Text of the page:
Sign a petition to your favourite president candidate, congress member again and ask for their views to comment on this, and what regulations they are going to raise for implementation.....If you agree on my point, please share with many people as possible....


    http://remindmyselfinstock.blogspot.com/

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  9. Hey Michael, I like your angle on this, your willingness to face the future and see what good we can create!

    Even the article you reference (despite the doomsday pomposity of it's title: "The End") talked about "the book business as we know it." Which I thought was really interesting. Because yeah, the book business is changing, but we're still going to be writing and selling STORIES. STORIES are what's in our blood, our DNA, our collective unconsciousness. We humans will always want to hear / read / see / be told a great story. I imagine it's (okay, go with me on this) kind of like lamenting the end of writing with quill and ink. Oh, how horrible those new-fangled typewriters were - no dirty fingers anymore. No feel of parchment under your fingers. So mechanical. So... much faster. And easier. And hey, a good story remained a good story no matter how you got it on the page!

    And with Audio books, kindle downloads, and actual paper books, don't we already have three different ways to get the same story told to us today? And look! The sky hasn't fallen.

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  10. Now that I'm two months behind with my comment, it will be interesting to see if anyone is still out there....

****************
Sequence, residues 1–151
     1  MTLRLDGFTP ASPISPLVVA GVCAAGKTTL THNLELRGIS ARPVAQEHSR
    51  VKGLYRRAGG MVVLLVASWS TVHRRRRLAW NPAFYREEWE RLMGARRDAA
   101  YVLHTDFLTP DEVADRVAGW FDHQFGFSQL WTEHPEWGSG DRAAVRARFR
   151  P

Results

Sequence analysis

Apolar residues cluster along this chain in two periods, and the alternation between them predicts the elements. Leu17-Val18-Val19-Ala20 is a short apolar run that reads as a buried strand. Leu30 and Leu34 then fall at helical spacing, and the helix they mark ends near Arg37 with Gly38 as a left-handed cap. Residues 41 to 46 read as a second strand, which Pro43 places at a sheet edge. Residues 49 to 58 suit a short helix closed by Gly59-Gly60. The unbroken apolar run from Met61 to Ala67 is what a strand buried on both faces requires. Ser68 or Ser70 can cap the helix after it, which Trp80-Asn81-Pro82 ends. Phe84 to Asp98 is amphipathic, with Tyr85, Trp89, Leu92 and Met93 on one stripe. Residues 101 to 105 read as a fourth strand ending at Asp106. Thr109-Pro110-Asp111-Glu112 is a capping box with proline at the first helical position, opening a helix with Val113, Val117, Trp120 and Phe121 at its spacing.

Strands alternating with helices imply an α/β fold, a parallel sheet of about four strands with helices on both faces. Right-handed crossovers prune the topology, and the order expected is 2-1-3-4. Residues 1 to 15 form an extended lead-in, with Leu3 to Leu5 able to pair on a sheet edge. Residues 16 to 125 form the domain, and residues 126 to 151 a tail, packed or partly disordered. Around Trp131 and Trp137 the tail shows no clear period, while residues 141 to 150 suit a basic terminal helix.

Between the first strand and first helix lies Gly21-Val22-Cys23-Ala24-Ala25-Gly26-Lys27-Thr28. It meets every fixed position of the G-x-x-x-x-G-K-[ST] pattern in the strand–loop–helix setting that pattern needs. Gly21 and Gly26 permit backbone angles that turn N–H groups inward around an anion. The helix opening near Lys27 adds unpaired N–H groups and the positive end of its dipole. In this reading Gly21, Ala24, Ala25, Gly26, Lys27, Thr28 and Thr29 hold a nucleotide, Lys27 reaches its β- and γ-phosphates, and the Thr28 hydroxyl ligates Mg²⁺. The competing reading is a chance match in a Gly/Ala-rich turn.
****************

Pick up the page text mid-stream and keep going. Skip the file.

Interesting post as all companies (including the one I work for) try to compete, instead of create, in the market spaces available.

    But I see no one answered your underlying question of "How?" So, here's my attempt:

    Site Licenses.

    Pattern selling ebooks, etc., the same way software companies sell software to conglomerates.

    Customers:
    Libraries, Public Schools (teachers and Libraries), Daycare Associations, Hospitals (?) [hmm...waiting rooms are always filled with bored people...], and so forth.

    Marketing:

    "Do your customers sit and wait? Do they fidget? Do young children scamper around, creating a ruckus? If so, then set up a bank of computer monitors and mouses and let your customer read an ebook of their choice. We provide a wide section from Children's literature to Romance to Fantasy. And if the service you provided is completed before the customer finishes the ebook, and they want to know where to get a copy, then send them our way. We will pay you x% for every customer you send us."

    ...or something like that.

    different subject now - Platform

    How does one like me develop a platform with so many aspiring authors?

    But, I am attempting to build one in a non-comformitory way.

    I composed and posted four Nursery Rhyme Twists on my blog (shameless self-promotion and they're free!). The objective of the reading game (new ebook market?) is to figure out the original Nursery Rhyme before the end of the story.

    A fifth grade teacher liked them and is going to read them to her class as a mini test-market for me.

    Thanks again for posting your wishes and reading my response.